Yes, here I have another in-depth tutorial, this time about snare compression. Continuing on from my other compression videos, I wanted to further explain how to hear the changes compression makes when using the attack and release controls on snare drum as well as give you a simple process to dial in the best snare compression, in any mix.
The right amount of compression depends on your reason for using snare compression in the first place. Is it for controlling the peaks for a bit more consistency? Or is it for more power and aggression?
So the main reasons why I use compression on snare is the dynamic control of the transient peak, I want to add fatness or fullness and length by boosting the apparent loudness of the release section of the waveform in relation to the transient and also for some tone shaping as well.
So when I'm talking about the transient peak of the waveform, it's referring to the envelope of the sound. So here is a snare drum, and you can see that you have the initial peak here. If I open that up for you there. So you have that initial peak, and then once that's happened in time, then it starts to peter out in level or amplitude.
And this is why a compressor is regarded as a dynamic range controller because we can manipulate the amplitude of this wave form using the attack and the release parameters. So we change the waveform, we're changing the envelope, and therefore we're changing the actual sound. So to add length, what I'm going to do is I'm going to increase the perceived loudness of this tail end of the sound. And this is where the reverb lives. The natural room reverb in the recording or the snare wires reverberating and slowing down.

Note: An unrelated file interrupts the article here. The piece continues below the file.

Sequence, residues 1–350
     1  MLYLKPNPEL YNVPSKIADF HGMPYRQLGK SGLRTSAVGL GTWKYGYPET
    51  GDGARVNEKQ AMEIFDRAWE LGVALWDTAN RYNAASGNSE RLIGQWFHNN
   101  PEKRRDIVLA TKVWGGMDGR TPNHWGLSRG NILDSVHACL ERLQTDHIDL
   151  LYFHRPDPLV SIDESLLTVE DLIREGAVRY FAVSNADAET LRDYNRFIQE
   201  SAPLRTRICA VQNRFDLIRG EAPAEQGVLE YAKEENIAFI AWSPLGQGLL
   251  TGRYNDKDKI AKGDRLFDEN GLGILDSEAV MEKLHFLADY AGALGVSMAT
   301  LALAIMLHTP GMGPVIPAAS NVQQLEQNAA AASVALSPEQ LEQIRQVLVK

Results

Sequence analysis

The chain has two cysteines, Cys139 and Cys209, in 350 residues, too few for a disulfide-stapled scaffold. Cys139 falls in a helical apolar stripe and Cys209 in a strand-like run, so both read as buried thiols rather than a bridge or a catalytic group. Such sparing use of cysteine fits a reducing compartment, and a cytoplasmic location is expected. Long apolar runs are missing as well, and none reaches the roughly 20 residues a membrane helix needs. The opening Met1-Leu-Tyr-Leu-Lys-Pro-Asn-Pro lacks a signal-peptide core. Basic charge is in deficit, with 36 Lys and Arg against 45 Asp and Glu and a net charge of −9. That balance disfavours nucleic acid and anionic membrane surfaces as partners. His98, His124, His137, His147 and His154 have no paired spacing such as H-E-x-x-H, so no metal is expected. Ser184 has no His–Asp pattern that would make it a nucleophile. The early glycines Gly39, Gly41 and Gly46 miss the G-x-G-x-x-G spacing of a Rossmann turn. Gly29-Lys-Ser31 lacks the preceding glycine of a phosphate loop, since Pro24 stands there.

And this section of the waveform often gets lost in mixing, particularly rock and pop. And we've got various different techniques we can use to help emphasise that not only with compression, but also with reverb as well. So what I'll do is I'll play this mix for you and then I'll take away gradually all the elements that are going towards lengthening the snare for me in this mix. So they are going to be reverb, parallel compression and regular track compression.
In this video, I help you find the sound you're looking for when you use a compressor on snare drum.
Enter your email address to join my mailing list and get this free bonus guidebook PDF as a gift